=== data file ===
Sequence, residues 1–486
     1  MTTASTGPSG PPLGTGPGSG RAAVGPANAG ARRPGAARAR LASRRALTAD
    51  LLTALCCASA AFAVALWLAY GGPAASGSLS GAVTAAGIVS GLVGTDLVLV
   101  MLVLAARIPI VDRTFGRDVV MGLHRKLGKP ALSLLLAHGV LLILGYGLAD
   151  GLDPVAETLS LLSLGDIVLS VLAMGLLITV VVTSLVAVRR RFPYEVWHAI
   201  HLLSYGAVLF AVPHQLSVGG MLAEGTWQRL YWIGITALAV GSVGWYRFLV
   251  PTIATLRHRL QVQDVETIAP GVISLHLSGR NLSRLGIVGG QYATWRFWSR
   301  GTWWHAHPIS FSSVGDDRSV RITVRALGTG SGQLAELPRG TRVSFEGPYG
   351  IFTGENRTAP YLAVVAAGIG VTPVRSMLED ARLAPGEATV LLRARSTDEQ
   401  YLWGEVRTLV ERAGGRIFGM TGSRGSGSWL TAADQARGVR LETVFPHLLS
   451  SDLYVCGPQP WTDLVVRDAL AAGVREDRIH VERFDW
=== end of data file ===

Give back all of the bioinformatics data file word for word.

Sequence, residues 1–486
     1  MTTASTGPSG PPLGTGPGSG RAAVGPANAG ARRPGAARAR LASRRALTAD
    51  LLTALCCASA AFAVALWLAY GGPAASGSLS GAVTAAGIVS GLVGTDLVLV
   101  MLVLAARIPI VDRTFGRDVV MGLHRKLGKP ALSLLLAHGV LLILGYGLAD
   151  GLDPVAETLS LLSLGDIVLS VLAMGLLITV VVTSLVAVRR RFPYEVWHAI
   201  HLLSYGAVLF AVPHQLSVGG MLAEGTWQRL YWIGITALAV GSVGWYRFLV
   251  PTIATLRHRL QVQDVETIAP GVISLHLSGR NLSRLGIVGG QYATWRFWSR
   301  GTWWHAHPIS FSSVGDDRSV RITVRALGTG SGQLAELPRG TRVSFEGPYG
   351  IFTGENRTAP YLAVVAAGIG VTPVRSMLED ARLAPGEATV LLRARSTDEQ
   401  YLWGEVRTLV ERAGGRIFGM TGSRGSGSWL TAADQARGVR LETVFPHLLS
   451  SDLYVCGPQP WTDLVVRDAL AAGVREDRIH VERFDW